Tuesday, February 17, 2015

Wednesday, February 18. 2015

Today's schedule is B-AG-A-D-C

We have an altered schedule for programming today. Although the afternoon blocks remain the same the morning looks like this:

8:58-10:00 B Block
10:05-10:45 Extended AG for Programming and Grad Assembly
10:50-11:52 A Block

B Block Social Studies 11 - Today we'll continue looking at the "legislative process" - creating laws in Canada.

An idea to make a new law or to change an existing law starts out as a "bill." Each bill goes through several stages to become law.

  1. At first reading, the bill is considered read for the first time and is printed. There is no debate.
  2. At second reading, Members debate the principle of a bill — is the idea behind it sound? Does it meet people's needs?
  3. If a bill passes at second reading, it goes to a committee of the House. Committee members study the bill carefully. They hold hearings to gather information. They can ask for government officials and experts to come and answer questions. The committee can propose amendments, or changes, to the bill. When a committee has finished its study, it reports the bill back to the House. The entire House can then debate it. During report stage debate, Members can suggest other amendments to the bill.
  4. Once report stage is over, the bill is called for third reading debate. Members who voted for the bill at second reading may sometimes change their minds at third reading after seeing what amendments have or have not been made to the bill.
  5. After a bill has passed third reading in the House of Commons, it goes through a similar process in the Senate.
  6. Once both Chambers pass the bill in the same form, it is given Royal Assent and becomes law.
You will have to draft a simplified bill that you would like to see made law, where you'll write the idea in a simple sentence or two and then use the Make It Law handout to organize your ideas. Here is the legislative agenda for the Canadian parliament. Here is the legislative agenda for the British Columbian legislature. After this, you'll create a comic strip demonstrating the process of how a Bill becomes a Law in Canada for next Monday.

D Block Criminology 12 - Today we'll look at the difference between deviance and criminal behaviour (acts that are criminal but not deviant and deviant but not criminal). What is deviant behaviour? A simple explanation of deviant behaviour could be any action that violates cultural norms (formal norms like laws - or informal norms like nose picking). This is a difficult concept because what an individual or sub culture in society defines as deviant is contextually situated (meaning what I think is deviant may be different for you; it is subjective - influenced by personal considerations).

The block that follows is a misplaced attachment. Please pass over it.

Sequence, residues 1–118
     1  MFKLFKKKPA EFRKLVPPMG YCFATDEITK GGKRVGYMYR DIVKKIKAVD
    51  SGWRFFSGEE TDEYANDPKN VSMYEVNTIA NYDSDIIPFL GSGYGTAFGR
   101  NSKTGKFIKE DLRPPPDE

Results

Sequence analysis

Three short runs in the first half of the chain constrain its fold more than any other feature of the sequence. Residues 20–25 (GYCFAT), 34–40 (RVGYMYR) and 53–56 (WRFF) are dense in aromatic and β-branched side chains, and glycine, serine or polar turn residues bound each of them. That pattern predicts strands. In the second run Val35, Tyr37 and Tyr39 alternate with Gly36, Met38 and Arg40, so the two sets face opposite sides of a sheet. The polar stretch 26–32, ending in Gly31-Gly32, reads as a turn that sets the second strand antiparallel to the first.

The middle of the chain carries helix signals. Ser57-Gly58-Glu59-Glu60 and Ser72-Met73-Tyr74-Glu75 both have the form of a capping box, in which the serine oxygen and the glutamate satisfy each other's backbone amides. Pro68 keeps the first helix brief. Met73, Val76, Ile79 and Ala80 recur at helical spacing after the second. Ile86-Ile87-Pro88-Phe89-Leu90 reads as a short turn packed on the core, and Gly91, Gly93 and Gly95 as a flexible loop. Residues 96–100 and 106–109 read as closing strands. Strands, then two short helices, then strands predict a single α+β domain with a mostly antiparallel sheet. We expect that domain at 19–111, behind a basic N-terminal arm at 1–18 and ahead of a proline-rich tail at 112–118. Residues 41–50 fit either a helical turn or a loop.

Take smoking in public. You may think that this behaviour is acceptable because an individual has the choice to consume a cigarette and they are merely harming themselves...no problem right? You may, however, think this behaviour is unacceptable. Second-hand smoke is hurtful to others because they could be harmed by someone else's behaviour. So what is deviant in many cases is subjective. What is criminal is the codification of what a society as a whole deems as deviant. Homicide is criminal because as a society we believe that taking another life is unacceptable and deviates from the accepted cultural norm that we wish our country to be like.

So using the text and your brains you need to come up with a list of things that are deviant but not criminal and a list of things that are criminal but not deviant. After you'll need to take one act from either list and explain why it should be criminalized or why it should be decriminalized. This will help us understand the Conflict, Interactionist and Consensus views on crime.
BC Open School Intro Sociology text Chapter 7
Relationship between Deviance and Crime (Jlaw)
Cliff Notes Theories of Deviance
Tutor2U Deviance and Crime

C Block Geography 12 - Today we'll move on to geographic spheres within the Earth system (the Lithosphere, the Atmosphere, the Biosphere and the Hydrosphere). After a few notes, you'll need to look at figure 1.8 (p.13) and figure 1.9 (p.14) in the Geosystems book and try to interpret the relationships amongst the four spheres as a result of humans burning fossil fuels. If you're having trouble with this consider the carbon cycle (pages 634-5 in text) or look at http://earthobservatory.nasa.gov/Library/CarbonCycle/. You could also look at Annenberg Media's "The Habitable Planet" Carbon Cycling website. For more help with positive and negative feedback loops take a look at Chapter 2 of Gerry Martin's on line Human Ecology textbook.
The Carbon Cycling Game

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